It's just that when one of the most successful movie studios in the country makes a film with two mainstream actors pretending to be gay, you would like a little more than good-looking fun presented predictably on a plate. Not that there's anything wrong with that, of course.
Dostana [Images] is exactly as you'd expect from the trailers. Shilpa Shetty [Images] pops up wearing a bikini, Priyanka Chopra makes Neal'N'Nikki leftovers look very good indeed, and John Abraham's [Images] bottom plays a starring role. In between, there's a plot cobbled from I Now Pronounce You Chuck And Larry, and a surprisingly broad Jhoom Barabar Jhoom feel given to Abhishek Bachchan [Images], who inevitably does much better this time around.
Yet for all its potentially paisa-vasool assets, Tarun Mansukhani's debut film is a crucial blunder. Making an entire film out of Kal Ho Naa Ho's Kantaben joke was always going to be a stretch, and while the male stars earn applause by throwing themselves this heartily into a risky project, it ends up as a shamefully regressive film.
We in India haven't yet matured to sensitive, normalised portrayals of homosexuality, and this film continues to paint them as freaks of nature. John and Abhishek play a couple of decidedly homophobic straight men pretending to be gay, and every other gay character in the film is a complete, flamin' caricature. It isn't wrong to show a stereotypically effeminate man, of course, but to make absolutely no attempt to balance this is to damage an already-fragile mindset.
The problem then is that the film is genuinely entertaining, albeit very obvious, in a way that it is likely to be a smash hit and reach millions of people -- setting the gay rights movement in India back at least a decade. Sigh. Nobody expected a Brokeback Mountain, but a dollop or two of perspective tossed in the middle of all the item songs and bling wouldn't hurt now, would it?
There are a couple of deft moments, sure. Kirron Kher, playing Bachchan's mother, earnestly hams her way through a scene where she makes John cross the threshold of the house, like a new bride. The muscled actor does so gleefully, knowing how embarrassed Abhishek would be, after which Kher blesses the couple, and candidly admits she doesn't know which of them is bride and which is groom. It's a nice little candid aside on the unpreparedness of an older generation, on their need to label and their unfamiliarity with these newfangled sexual dynamics.
Speaking of sexual dynamics, there's a considerable amount on display here in terms of Priyanka Chopra's [Images] dresses. Not that we're complaining one bit. The actress looks screen-scorchingly hot, and while there is a skimpiness overkill, we're too busy staring to make an issue out of it. She looks refreshingly at ease after a series of overdone roles, and her on-screen enjoyment is natural and fun. And did I mention those legs? Lord.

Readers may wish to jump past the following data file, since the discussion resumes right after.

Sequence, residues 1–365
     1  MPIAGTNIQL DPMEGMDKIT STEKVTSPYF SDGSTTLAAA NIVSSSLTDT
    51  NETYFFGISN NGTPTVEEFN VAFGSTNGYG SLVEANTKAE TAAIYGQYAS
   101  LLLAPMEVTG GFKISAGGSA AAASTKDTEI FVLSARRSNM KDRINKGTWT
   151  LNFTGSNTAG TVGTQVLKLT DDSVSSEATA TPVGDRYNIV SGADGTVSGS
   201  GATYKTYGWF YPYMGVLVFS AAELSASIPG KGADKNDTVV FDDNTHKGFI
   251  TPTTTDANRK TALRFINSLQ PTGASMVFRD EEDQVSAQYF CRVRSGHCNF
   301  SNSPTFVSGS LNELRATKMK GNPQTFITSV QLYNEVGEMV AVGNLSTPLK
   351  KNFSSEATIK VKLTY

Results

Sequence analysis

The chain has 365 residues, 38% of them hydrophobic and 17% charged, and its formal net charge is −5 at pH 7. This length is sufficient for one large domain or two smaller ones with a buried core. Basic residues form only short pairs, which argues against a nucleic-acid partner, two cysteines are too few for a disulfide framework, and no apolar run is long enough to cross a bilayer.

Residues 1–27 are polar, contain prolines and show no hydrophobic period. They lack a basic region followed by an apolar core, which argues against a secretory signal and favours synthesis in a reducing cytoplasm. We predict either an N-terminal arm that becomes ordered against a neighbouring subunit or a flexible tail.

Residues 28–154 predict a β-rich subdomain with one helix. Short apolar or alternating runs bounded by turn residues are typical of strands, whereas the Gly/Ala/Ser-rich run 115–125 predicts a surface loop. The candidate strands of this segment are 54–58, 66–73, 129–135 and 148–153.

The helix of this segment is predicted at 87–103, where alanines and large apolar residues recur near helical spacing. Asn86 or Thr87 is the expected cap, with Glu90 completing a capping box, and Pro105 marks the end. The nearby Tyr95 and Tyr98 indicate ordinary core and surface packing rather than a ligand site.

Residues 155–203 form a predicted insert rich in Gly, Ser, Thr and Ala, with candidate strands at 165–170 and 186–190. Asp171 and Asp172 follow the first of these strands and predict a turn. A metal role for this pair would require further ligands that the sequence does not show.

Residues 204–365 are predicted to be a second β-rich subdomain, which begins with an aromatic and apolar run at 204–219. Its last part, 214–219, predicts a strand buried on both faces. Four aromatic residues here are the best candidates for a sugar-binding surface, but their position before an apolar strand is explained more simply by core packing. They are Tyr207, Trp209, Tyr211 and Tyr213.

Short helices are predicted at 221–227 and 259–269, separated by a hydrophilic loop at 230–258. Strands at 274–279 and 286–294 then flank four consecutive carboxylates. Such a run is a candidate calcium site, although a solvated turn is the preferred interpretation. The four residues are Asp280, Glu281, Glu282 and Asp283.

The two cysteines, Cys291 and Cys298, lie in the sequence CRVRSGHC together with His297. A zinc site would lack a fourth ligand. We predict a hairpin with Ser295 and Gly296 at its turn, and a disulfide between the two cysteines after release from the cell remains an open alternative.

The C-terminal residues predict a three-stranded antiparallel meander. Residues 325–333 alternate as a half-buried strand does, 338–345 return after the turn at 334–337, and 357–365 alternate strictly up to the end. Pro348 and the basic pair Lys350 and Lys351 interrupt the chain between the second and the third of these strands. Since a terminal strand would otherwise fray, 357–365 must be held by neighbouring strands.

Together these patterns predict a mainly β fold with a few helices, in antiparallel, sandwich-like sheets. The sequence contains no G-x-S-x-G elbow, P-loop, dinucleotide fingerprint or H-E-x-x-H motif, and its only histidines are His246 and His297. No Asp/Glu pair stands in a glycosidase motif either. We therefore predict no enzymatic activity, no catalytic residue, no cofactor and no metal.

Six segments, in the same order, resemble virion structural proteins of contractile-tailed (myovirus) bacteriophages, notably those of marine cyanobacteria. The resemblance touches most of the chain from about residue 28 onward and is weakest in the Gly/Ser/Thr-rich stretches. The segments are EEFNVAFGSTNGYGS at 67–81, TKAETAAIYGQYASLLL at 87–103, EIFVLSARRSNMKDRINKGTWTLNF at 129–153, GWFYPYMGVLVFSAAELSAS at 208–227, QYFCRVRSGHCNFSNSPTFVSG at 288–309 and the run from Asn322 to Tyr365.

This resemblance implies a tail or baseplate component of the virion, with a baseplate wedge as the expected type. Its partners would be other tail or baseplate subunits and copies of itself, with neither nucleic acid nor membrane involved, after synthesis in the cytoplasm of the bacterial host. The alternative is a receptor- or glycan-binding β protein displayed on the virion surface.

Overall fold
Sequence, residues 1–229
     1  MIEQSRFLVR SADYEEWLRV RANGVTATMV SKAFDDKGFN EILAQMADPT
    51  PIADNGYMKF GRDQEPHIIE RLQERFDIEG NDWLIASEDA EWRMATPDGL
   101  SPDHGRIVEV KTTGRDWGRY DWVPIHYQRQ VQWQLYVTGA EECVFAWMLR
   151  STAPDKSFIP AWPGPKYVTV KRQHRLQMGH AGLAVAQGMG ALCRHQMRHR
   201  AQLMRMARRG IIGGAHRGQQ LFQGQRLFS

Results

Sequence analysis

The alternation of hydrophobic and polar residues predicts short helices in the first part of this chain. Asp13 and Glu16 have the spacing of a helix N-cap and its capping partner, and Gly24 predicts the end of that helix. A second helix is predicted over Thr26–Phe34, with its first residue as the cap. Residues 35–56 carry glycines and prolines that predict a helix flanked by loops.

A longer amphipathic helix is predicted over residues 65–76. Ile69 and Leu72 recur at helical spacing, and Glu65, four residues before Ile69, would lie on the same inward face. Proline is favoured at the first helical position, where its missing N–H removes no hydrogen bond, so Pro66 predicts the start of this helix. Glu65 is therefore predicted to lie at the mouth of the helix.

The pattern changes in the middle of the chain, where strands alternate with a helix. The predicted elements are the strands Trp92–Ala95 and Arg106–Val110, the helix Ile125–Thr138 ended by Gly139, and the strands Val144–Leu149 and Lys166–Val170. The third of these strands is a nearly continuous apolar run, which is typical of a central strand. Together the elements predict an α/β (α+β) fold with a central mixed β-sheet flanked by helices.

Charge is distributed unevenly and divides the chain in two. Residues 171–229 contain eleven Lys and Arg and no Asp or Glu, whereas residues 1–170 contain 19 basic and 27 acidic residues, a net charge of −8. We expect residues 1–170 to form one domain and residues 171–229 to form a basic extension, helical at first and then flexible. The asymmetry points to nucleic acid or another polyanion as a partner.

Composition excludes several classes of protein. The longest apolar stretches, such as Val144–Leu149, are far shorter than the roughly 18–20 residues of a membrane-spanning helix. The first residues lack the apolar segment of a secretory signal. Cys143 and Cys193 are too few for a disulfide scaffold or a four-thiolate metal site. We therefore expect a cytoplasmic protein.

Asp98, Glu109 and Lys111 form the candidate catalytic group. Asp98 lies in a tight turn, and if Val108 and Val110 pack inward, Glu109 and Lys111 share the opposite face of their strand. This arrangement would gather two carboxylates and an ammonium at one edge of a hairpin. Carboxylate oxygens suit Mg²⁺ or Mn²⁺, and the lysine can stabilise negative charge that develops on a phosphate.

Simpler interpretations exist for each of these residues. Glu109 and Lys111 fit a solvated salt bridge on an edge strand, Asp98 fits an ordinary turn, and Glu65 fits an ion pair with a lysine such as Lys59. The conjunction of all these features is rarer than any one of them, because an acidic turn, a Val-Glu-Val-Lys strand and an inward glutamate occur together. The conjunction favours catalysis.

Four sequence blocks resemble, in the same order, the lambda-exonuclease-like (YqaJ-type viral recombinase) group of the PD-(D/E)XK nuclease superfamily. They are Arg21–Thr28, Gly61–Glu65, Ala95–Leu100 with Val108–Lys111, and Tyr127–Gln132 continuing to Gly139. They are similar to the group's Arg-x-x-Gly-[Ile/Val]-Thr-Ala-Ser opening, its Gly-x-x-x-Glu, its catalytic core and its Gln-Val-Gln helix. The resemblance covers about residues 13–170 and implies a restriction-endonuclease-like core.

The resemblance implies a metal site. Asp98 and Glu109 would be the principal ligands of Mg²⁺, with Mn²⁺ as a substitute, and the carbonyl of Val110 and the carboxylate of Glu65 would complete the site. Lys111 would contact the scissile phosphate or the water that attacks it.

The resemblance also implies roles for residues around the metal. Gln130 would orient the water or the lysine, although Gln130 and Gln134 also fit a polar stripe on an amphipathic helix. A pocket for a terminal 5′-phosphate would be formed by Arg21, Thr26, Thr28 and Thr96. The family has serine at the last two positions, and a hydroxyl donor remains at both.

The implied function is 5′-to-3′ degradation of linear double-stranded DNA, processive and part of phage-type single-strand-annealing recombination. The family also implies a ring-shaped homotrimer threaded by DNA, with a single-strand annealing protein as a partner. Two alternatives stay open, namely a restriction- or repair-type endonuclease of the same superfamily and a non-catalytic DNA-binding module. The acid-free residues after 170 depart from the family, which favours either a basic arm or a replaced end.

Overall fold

Vote! Which Dostana babe is hotter?
Meanwhile, John Abraham is clearly at ease grooving to songs originally made iconic by his girlfriend. He's also evidently enjoying being the new Salman Khan [Images], showing off more chest than a Bigg Boss contestant and demonstrating a loathing for shirt buttons. Again, he too seems to be having a good time, and that's the best possible thing to happen for an on-screen bunch. He's much easier in front of the camera now, and he makes the flimsily written character rather likeable.
Abhishek is the pick of the actors, no doubt about it. Called on to play an over-the-top pink-loving straight man -- who seems far too interested in pretending to be gay -- Bachchan does a spot on job as he stays over the top and ends up being a pretty enjoyable buffoon. Clearly an actor who likes getting under the skin of his character, this is a role that calls for much self-deprecation and embarrassment, and Bachchan embraces them quite well.
The plot could have used at least a tad of work, though. While I admit that this film is better than Chuck And Larry -- which is rank unwatchable, so let's not pop open the bubbly just yet -- the plotholes are too massive, really. Two single guys in Miami [Images] decide to share a flat and pretend they're gay? What's the point of the stunning pad if you can't bring women over in the first place? And after agreeing to tell their flatmate Priyanka that they are gay, they spend all their time flapping their wrists in front of her and forget all their womanising ways?
Overall, it's an average piece of fluff -- but one of the most hideously insensitive things to come out of Bollywood in a long while. Boman Irani shouldn't have played the part he does, and Karan Johar [Images] shouldn't have let this film turn out the way it has.
This film is a joke; but the last thing we need is India thinking homosexuality's just another gag.